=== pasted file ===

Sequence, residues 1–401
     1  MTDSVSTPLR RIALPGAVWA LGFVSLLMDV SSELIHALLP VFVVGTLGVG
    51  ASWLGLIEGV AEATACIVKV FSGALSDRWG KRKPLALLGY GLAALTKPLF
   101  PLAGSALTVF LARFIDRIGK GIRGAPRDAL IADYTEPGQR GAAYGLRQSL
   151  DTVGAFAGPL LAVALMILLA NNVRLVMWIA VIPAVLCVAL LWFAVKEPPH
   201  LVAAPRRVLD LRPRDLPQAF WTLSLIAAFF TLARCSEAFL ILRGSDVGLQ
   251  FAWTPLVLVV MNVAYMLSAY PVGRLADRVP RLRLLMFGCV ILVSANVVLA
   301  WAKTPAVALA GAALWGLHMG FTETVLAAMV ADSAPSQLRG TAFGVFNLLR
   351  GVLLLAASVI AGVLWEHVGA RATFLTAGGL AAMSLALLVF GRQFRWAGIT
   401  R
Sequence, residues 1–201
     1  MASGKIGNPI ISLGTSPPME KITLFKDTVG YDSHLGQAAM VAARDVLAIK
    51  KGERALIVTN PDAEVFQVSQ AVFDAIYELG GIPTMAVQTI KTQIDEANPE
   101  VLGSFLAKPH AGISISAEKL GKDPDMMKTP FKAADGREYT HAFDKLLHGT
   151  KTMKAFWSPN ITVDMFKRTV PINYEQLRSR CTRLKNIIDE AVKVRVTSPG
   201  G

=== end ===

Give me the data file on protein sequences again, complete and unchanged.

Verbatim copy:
Sequence, residues 1–401
     1  MTDSVSTPLR RIALPGAVWA LGFVSLLMDV SSELIHALLP VFVVGTLGVG
    51  ASWLGLIEGV AEATACIVKV FSGALSDRWG KRKPLALLGY GLAALTKPLF
   101  PLAGSALTVF LARFIDRIGK GIRGAPRDAL IADYTEPGQR GAAYGLRQSL
   151  DTVGAFAGPL LAVALMILLA NNVRLVMWIA VIPAVLCVAL LWFAVKEPPH
   201  LVAAPRRVLD LRPRDLPQAF WTLSLIAAFF TLARCSEAFL ILRGSDVGLQ
   251  FAWTPLVLVV MNVAYMLSAY PVGRLADRVP RLRLLMFGCV ILVSANVVLA
   301  WAKTPAVALA GAALWGLHMG FTETVLAAMV ADSAPSQLRG TAFGVFNLLR
   351  GVLLLAASVI AGVLWEHVGA RATFLTAGGL AAMSLALLVF GRQFRWAGIT
   401  R
Sequence, residues 1–201
     1  MASGKIGNPI ISLGTSPPME KITLFKDTVG YDSHLGQAAM VAARDVLAIK
    51  KGERALIVTN PDAEVFQVSQ AVFDAIYELG GIPTMAVQTI KTQIDEANPE
   101  VLGSFLAKPH AGISISAEKL GKDPDMMKTP FKAADGREYT HAFDKLLHGT
   151  KTMKAFWSPN ITVDMFKRTV PINYEQLRSR CTRLKNIIDE AVKVRVTSPG
   201  G